Down To The Well: Text
29 October 2011

Down To The Well

October 13–29, 2011
Daine Singer
Basement, 325 Flinders Lane
Melbourne VIC 3000
Australia

Simon O’Carrigan’s works span collage, drawing, painting, and animation. In all media, his works utilise a mindset drawn from the use of layers central to collage; and the compositional aims of painting. Thematically, he focuses on absurdist and existential questions. The works frequently utilise an apocalyptic tone whether global (external) or personal (internal).

Been thinking to myself and if a life’s not long
What matter does it make if there’ll be favourite songs playing in my head
When we go down to the well
—Pixies

Down to the Well channels the human yearning for salvation – both personal and religious, whether in this life or the next – how we seek to fulfil it and the tragedy of searching for salvation outside of the self. Ink on paper drawings are collaged onto wood boards, leaving parts of the board bare to the eye. The different textures and thicknesses of various layered papers builds a slight relief depth, at odds with the unseeable depths of the well.

Some of the wells depicted are equipped with ladders or other means of traversal — calling to mind Haruki Murakami’s protagonist, Toru Okada, from The Wind-Up Bird Chronicle. Okada’s obsession with a dried up well transformed it into a means of transcendence, a mode of transport. It became a portal for Okada, both literal and metaphorical. The works in this exhibition follow the rabbit holes showing the unnerving depths within the disarmingly shallow surface — the depth of the quest for salvation that hide just beneath the surface.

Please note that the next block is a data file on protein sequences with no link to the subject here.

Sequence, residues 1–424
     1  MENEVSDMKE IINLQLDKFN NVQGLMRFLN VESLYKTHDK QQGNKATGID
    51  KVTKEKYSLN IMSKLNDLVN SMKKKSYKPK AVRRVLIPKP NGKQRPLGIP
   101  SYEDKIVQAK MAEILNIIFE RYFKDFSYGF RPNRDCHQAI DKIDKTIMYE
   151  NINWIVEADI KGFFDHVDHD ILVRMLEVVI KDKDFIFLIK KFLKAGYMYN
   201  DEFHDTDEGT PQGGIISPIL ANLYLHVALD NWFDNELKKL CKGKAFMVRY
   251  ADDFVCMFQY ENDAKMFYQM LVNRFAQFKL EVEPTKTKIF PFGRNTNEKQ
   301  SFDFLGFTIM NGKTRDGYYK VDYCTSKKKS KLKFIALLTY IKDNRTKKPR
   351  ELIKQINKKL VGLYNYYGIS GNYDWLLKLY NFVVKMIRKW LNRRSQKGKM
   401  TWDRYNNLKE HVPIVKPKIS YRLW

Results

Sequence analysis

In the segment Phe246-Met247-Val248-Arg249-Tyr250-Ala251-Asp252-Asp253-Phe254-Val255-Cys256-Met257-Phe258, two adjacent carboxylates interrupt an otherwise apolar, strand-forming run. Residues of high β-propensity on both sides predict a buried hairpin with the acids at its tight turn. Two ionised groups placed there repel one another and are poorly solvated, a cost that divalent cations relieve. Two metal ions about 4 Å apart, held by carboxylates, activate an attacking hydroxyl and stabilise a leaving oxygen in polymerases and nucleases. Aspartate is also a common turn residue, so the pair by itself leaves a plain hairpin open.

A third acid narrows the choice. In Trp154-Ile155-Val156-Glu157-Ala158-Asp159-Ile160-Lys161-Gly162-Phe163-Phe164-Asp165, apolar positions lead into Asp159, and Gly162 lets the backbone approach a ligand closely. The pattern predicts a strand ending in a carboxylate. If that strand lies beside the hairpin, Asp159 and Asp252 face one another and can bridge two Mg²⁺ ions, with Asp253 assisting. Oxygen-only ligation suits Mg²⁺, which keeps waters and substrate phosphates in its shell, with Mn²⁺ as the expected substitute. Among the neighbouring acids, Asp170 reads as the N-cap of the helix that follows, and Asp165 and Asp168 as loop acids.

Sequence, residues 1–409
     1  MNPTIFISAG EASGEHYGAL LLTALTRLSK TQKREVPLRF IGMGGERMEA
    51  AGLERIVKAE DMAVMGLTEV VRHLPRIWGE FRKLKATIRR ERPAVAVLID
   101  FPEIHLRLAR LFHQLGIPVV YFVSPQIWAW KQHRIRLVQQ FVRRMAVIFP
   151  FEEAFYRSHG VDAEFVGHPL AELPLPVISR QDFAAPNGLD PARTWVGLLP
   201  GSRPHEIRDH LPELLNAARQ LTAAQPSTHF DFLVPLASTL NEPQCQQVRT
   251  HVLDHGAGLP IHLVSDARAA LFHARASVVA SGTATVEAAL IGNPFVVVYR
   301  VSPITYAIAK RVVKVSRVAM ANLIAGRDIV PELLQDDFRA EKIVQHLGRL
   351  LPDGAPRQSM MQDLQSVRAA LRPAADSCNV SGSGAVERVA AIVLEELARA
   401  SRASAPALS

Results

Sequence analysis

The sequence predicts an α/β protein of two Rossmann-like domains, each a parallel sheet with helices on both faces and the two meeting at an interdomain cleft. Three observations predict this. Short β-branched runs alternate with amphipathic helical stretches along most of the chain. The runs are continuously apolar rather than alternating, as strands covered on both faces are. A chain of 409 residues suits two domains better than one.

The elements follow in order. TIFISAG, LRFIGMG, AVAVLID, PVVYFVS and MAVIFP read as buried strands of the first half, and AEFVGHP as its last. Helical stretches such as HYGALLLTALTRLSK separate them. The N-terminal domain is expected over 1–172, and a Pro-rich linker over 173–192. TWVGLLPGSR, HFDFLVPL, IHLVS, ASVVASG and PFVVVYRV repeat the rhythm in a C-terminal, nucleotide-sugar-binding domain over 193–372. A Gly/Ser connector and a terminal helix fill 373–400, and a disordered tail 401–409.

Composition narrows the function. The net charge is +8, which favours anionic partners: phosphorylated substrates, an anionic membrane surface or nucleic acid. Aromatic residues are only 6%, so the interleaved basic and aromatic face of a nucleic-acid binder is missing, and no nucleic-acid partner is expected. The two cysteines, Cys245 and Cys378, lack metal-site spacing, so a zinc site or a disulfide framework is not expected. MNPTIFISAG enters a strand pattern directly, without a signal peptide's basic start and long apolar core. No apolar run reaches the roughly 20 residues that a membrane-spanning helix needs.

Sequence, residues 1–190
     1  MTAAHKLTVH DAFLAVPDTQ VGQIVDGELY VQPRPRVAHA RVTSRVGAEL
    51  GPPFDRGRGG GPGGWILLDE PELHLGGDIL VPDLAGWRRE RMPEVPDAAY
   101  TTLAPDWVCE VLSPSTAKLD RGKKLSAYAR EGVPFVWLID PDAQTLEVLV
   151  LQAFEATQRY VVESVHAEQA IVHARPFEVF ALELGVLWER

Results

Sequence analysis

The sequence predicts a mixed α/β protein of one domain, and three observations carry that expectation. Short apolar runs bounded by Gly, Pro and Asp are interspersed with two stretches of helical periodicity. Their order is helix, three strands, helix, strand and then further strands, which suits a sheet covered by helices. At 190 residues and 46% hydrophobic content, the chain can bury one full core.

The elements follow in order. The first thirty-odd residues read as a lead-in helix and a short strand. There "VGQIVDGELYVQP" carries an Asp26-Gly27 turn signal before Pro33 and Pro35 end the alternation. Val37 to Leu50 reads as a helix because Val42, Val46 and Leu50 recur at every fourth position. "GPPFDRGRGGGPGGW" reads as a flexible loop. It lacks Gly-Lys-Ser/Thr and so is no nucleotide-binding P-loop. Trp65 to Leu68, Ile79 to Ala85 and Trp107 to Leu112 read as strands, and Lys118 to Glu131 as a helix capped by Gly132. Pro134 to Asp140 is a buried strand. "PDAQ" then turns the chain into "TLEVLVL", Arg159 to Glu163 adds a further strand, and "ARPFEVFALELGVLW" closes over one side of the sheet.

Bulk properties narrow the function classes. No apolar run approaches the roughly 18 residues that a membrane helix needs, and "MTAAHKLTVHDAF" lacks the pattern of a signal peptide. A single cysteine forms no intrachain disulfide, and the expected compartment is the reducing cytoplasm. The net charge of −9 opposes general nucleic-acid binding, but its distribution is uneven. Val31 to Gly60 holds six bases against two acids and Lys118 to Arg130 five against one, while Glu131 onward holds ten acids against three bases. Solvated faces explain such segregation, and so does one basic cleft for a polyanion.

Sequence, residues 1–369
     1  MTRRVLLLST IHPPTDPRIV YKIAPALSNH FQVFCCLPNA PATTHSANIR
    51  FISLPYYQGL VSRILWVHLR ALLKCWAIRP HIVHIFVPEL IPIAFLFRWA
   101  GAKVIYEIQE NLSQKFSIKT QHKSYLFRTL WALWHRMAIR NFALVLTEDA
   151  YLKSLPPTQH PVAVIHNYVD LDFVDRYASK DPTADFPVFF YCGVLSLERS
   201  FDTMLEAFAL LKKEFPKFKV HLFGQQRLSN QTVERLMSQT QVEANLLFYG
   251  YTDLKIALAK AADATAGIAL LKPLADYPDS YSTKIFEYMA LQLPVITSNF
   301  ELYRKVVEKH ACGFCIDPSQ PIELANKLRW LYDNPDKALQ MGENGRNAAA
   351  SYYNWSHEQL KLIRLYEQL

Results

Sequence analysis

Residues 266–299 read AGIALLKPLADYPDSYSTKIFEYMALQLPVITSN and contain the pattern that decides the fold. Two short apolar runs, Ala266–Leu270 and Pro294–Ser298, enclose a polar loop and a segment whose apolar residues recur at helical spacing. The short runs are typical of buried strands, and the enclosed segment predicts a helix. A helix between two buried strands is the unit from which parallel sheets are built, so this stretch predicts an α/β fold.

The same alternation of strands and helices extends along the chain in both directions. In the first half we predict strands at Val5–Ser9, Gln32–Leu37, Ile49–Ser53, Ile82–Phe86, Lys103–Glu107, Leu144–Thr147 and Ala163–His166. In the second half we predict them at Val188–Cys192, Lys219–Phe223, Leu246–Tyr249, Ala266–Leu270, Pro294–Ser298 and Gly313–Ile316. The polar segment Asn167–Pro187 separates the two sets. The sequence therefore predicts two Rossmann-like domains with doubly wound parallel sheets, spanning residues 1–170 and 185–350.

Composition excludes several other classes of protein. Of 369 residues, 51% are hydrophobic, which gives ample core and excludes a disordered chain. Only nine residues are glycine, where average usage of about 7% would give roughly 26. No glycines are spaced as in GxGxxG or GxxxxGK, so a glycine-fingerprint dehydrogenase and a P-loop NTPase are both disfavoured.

The pared back appearance and the black circular interiors of the wells mime an inverted Zen enso circle. Where the Enso would act as a calming influence, a letting go, the works here function on heightened anxiety, attempts to ‘hold on’, and the fear of letting go. The works allude to the looped, repeated action of refilling at a well, intimating the patterns of life in which we are, like Sisyphus, condemned to repeat the actions in which we seek salvation.